Flying Business Class Content from the guide to life, the universe and everything

Flying Business Class

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Business class is available on many airlines and it costs two or three times more than the standard class. Everybody on the plane flies out from the airport1 at the same time and arrives at the destination airport together. Why is the price so much higher and when does it make sense to pay for it?

Business Class Benefits

Generally the benefits of business class include:

  • Little or no queuing to pick up your boarding pass or drop off bags, so you can get to the airport and be at the security gates in minutes.
  • Little or no queuing for security and passport checks in larger or business-oriented airports.
  • The ability to board the plane, once boarding starts, whenever you want: first, last or simply when you get to the gate.
  • Access to a lounge at the starting or at transfer airports. The lounges have clear views of departure schedule screens, food, drinks, comfortable chairs, showers, a work room with desks and a reasonably fast Internet connection. The quality and services offered by the lounges varies between airports but, in business-oriented airports, they are generally quite good and can be excellent.
  • Much better seats, tables and information systems on the plane. The tables can be better for working on a laptop or reading papers.
  • On overnight/very long flights you will often find your seat will become a bed that is flat (but not always horizontal!) and long enough for even tall people to sleep quite comfortably.
  • A much nicer selection of food and wine for the flight.
  • A much better toilet to passenger ratio than standard class.
  • Seating in front of the jet engines which is much quieter than behind them.
  • Huge frequent flier point bonuses.

Getting the most out of Business Class

An important part of travelling for work is making sure your mental state is good despite skipping between time zones or going to your next appointment before your next proper sleep. Business class is an easier way to travel with much of the work of navigating airports and planes simplified. The cost-effectiveness depends on what you are intending to do when you land and how you make use of what the airline provides you.

Business class queues are shorter (in some airports) meaning that you can get to the airport much later than you might dare with a standard class ticket. This can be a considerable benefit as anybody who has had their flight close while they are still waiting in a queue will know.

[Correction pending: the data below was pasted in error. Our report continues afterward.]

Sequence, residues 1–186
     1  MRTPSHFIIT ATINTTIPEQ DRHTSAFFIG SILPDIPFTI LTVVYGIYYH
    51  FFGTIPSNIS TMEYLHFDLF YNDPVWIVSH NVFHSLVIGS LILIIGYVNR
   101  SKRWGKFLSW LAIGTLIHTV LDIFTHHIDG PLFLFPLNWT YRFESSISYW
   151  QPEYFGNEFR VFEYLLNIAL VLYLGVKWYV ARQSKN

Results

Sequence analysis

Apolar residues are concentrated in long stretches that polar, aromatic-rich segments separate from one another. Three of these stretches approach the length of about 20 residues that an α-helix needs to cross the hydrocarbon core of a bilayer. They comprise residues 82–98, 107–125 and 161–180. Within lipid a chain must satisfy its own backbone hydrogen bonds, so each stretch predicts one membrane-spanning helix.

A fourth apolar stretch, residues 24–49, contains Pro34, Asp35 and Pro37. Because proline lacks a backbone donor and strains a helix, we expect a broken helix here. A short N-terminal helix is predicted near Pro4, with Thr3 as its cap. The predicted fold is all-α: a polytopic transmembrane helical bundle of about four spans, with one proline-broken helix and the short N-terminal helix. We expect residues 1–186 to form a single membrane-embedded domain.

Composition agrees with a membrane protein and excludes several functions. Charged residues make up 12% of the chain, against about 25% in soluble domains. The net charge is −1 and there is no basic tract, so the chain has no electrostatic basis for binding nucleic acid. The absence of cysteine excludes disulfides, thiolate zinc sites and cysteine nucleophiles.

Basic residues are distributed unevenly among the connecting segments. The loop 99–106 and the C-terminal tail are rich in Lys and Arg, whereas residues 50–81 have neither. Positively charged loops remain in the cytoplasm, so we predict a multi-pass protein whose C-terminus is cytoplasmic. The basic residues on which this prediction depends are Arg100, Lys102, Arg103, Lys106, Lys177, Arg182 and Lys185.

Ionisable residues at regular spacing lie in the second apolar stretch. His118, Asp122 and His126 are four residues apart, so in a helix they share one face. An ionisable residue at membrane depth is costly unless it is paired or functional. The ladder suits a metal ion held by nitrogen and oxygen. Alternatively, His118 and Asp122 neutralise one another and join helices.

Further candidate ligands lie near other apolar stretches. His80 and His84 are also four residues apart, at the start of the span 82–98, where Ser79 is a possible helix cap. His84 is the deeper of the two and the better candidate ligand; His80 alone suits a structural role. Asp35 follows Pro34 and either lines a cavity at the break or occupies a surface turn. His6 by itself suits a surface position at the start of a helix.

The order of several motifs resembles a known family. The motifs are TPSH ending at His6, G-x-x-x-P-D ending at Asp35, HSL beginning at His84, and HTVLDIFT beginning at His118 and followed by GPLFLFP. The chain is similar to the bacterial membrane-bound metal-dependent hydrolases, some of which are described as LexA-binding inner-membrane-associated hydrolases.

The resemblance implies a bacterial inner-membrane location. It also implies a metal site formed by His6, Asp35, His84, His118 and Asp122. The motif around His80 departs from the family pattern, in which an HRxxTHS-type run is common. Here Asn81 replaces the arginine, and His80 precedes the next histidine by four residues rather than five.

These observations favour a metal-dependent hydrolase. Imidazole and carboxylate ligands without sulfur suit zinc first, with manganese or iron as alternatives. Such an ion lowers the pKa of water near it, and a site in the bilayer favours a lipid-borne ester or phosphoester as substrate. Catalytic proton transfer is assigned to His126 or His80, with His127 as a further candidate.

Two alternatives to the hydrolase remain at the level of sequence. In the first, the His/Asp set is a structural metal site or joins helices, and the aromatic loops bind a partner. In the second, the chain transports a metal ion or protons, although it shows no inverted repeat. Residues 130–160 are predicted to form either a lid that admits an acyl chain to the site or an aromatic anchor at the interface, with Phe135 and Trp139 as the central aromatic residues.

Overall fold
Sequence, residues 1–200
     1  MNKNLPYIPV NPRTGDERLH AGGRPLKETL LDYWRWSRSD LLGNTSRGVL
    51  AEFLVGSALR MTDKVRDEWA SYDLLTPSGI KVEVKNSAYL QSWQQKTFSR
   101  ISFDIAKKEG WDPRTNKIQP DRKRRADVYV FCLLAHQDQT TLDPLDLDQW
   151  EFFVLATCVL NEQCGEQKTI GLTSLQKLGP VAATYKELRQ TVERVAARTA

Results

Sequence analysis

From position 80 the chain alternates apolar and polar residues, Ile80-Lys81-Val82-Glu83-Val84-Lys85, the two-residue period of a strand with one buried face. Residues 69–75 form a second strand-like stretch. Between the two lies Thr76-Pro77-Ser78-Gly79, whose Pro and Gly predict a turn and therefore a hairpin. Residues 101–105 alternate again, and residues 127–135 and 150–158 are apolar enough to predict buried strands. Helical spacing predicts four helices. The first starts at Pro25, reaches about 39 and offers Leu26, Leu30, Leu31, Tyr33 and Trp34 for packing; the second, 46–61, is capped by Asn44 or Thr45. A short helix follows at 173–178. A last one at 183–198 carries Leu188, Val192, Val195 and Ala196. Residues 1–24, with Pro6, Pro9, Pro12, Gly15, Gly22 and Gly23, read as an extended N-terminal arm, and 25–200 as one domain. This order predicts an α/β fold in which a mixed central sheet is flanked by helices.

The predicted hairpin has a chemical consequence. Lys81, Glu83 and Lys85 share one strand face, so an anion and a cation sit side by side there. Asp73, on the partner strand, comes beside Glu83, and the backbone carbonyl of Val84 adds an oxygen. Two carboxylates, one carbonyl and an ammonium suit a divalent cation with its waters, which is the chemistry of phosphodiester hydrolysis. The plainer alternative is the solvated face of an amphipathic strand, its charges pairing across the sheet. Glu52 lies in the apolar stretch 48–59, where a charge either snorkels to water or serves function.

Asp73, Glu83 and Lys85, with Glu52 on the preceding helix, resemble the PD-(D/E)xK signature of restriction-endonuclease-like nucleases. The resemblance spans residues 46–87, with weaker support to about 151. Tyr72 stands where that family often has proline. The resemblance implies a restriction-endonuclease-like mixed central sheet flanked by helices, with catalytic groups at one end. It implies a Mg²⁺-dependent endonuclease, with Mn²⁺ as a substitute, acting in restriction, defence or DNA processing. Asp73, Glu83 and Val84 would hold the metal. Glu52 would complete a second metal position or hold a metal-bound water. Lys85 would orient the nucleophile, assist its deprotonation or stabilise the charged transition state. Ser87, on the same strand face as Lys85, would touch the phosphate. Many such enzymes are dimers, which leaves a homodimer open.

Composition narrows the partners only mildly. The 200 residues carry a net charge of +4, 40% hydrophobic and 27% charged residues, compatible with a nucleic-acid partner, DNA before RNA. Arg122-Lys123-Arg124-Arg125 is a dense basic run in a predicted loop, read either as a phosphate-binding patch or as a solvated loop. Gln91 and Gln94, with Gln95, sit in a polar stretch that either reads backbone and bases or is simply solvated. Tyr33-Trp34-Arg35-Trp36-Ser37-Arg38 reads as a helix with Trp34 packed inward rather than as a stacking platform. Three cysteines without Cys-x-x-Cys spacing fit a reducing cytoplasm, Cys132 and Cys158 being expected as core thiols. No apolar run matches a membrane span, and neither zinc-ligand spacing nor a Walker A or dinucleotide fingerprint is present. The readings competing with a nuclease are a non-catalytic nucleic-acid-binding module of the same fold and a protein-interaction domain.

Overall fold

Overnight flights, especially the short but major West/East routes such as US to Europe and Singapore/Hong Kong to Australia and New Zealand, include access to a good lounge with food and drink. You can eat a decent, leisurely meal in the two or three hours the airports would like you to be present before your plane leaves. For a five or six hour overnight flight every moment of sleep on that 'lie flat bed' on the plane can be quite precious. Seasoned travellers schedule their eating, boarding and sleeping with care so that when they land they are as alert as anybody could be who have done such an unnatural thing as flying between continents.

For flights with multiple legs, such as all Europe to Australia/New Zealand flights, the lounge gives you a sense of place in the transfer airports. You get off your plane, go to the lounge and find a spot to sit or have a long, relaxing shower before going to the next gate and starting again. For standard class passengers, most of the large South East Asian transit airports now also provide showers and paid-for lounges but these need to be booked2. Rationally, it can seem overkill to pay for somewhere to sit for the 90 minute re-fuelling stop. What the free access to the lounge gives is a degree of control and freedom from worry.

The nicer selection of food and wine on the plane itself is lovely. For many people, this plus the extra leg room3 is the main reason for travelling business class for leisure journeys. There are two schools of thought though - some people would prefer, for short flights, to have their tables left clear for work and the price of the flight reduced. Others love the food and service. You don't have to eat the food!

On long haul flights which are five hours or longer, overnight or inter-continental, it can be mentally quite tough to land, get through passport/customs, travel to your next destination and be ready to start the day, all under the influence of Jet Lag. If the day rate for your job is greater than the cost of the upgrade then you should pay for the upgrade and squeeze the value from the extra services to deliver value to your work. Is it worth spending the money on the extra benefits? It is surprising how often the answer is 'yes' and that is how the airlines justify the price.

Frequent Flying

For frequent flyers who hold a top level membership status for their favourite airlines, lounge access and fast boarding becomes a way of life, regardless of the class of ticket for which they have paid to travel. On short flights, for many people there is little benefit in having a fancy seat, wine served with the in-flight meal or sitting in the much quieter part of the plane. The important benefits for their travel are all on the ground, making use of all of those hours before boarding, especially if the flight is in the middle of a working day. This makes getting their top level membership status a priority so these benefits are always available.

Airlines track their loyal customers by status points and by reward points4. Status points are awarded for flights actually boarded and flown. You get more status the higher the grade of cabin you fly in. These are used to calculate when you get business class on-ground experience even when you fly with an economy ticket. On the other hand, reward points can come from credit card deals and various loyalty schemes as well as flying. These points can be redeemed for free flights, including business and first class flights. Both types of frequent flyer benefit are desirable. As a rule of thumb you need to fly in business quite a bit to earn enough status points to get anything useful (for British Airways, four return flights from London to Istanbul will be enough).